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Sales on Airport Security Alternative

TSA officials should focus their airport screening efforts on those who show the highest risk of being terrorists says Professor Nathan Sales. And in order to do that, "they should be allowed to access the basic passenger-reservation data that’s used by U.S. Customs, its sister agency, to screen travelers who are trying to enter the country," he suggests.

Conventional metal detectors are not always capable of spotting weapons made of plastic or liquid explosives, says Sales.

"To find the next generation of bombs, you need the next generation of scanners. Today’s millimeter-wave and backscatter machines are capable of detecting nonmetallic weapons hidden under layers of clothing. They aren’t infallible — no security measure is — but they’re better than entrusting our lives to technology from the 1960s," he argues.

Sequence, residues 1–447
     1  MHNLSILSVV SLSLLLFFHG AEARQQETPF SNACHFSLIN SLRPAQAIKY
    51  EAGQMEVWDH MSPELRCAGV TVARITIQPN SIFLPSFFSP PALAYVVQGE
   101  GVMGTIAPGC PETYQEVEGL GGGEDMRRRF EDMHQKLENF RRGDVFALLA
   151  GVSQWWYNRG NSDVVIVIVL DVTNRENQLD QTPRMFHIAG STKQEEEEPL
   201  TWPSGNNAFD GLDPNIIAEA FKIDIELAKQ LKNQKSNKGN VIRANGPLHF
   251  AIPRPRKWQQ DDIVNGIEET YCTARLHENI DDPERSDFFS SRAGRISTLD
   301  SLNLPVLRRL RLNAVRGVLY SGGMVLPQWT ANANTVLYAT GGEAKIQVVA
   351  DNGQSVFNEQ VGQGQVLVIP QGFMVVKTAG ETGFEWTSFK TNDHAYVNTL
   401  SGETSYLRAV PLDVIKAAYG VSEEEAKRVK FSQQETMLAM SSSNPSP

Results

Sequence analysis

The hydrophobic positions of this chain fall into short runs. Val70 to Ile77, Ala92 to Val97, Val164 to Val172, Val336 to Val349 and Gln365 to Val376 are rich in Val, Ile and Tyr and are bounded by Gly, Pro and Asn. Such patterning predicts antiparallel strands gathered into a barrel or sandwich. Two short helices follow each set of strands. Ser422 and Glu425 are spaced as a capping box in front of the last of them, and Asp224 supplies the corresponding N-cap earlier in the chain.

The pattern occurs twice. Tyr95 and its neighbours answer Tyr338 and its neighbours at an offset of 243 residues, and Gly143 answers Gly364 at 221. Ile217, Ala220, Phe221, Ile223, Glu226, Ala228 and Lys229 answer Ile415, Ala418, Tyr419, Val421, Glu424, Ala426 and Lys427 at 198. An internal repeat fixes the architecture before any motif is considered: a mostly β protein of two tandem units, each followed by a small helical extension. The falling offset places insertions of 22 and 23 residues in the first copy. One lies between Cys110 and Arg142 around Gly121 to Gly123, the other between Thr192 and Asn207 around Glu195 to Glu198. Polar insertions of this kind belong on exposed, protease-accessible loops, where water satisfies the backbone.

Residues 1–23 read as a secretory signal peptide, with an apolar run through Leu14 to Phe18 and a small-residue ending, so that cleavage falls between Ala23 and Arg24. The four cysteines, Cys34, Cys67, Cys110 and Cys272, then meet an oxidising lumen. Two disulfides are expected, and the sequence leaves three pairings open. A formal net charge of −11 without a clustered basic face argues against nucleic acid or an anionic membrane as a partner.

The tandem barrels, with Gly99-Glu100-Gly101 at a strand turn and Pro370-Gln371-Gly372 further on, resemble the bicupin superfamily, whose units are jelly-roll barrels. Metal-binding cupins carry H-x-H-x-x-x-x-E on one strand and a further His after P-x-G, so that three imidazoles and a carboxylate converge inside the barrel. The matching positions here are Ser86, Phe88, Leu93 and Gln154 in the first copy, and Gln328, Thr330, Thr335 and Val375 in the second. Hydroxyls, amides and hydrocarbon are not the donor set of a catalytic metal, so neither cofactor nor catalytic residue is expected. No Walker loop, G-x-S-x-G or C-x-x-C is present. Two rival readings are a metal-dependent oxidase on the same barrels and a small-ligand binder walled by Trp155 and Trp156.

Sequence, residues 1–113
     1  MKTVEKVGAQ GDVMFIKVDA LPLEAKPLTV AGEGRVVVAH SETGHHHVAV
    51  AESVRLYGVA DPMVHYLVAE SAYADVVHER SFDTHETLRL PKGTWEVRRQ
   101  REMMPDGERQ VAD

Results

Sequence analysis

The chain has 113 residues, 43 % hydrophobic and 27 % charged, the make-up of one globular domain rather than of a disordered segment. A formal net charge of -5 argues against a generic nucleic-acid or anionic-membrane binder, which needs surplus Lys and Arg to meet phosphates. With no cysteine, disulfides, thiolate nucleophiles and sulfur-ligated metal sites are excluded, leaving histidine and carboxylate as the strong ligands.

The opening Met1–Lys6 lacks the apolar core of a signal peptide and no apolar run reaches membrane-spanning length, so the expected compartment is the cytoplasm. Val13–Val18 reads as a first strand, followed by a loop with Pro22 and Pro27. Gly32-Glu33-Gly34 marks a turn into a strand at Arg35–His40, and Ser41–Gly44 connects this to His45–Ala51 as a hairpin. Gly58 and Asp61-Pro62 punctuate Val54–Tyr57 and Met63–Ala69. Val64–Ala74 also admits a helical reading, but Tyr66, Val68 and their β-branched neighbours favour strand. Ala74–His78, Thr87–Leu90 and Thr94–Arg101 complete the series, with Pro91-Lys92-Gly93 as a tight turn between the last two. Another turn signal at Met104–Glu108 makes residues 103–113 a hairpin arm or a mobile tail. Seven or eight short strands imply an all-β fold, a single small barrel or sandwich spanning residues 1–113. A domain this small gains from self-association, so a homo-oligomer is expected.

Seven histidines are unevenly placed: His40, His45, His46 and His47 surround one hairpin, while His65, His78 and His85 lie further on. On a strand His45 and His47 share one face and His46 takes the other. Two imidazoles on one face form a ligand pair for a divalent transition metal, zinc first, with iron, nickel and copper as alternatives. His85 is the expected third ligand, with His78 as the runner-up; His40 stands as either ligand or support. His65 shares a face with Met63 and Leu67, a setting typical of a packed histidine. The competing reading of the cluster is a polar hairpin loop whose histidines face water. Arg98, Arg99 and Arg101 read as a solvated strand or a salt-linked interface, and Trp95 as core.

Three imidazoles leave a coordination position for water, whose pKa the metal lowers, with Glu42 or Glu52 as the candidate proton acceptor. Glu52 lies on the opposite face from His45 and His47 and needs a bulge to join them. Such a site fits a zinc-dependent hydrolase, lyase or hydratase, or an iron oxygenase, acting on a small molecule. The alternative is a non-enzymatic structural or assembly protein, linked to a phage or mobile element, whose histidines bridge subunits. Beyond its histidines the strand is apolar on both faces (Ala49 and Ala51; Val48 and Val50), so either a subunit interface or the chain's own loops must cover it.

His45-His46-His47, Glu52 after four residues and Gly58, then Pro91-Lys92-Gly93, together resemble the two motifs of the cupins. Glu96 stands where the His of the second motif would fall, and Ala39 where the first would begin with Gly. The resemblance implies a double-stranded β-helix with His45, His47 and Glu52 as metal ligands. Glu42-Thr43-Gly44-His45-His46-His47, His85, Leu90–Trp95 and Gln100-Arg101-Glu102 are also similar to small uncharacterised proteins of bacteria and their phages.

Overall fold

An Airport-Security Alternative, National Review, November 20, 2010. By Nathan A. Sales.

Excerpt:
"Modern air travel isn’t exactly glamorous. It’s bad enough that travelers have to wait in interminable lines before being herded into cramped airliners, where they are charged extra to check their bags, only to arrive at their destinations late. The last thing anyone wants is the additional indignity of being fondled by a bureaucrat.

"But it would be unwise to restrict advanced imaging technologies or pat-down searches. TSA’s job is to keep bombs off of planes. It needs to inspect the places bombs might be hidden. And the stark reality is that terrorists aren’t shy about hiding explosives in their nether regions."

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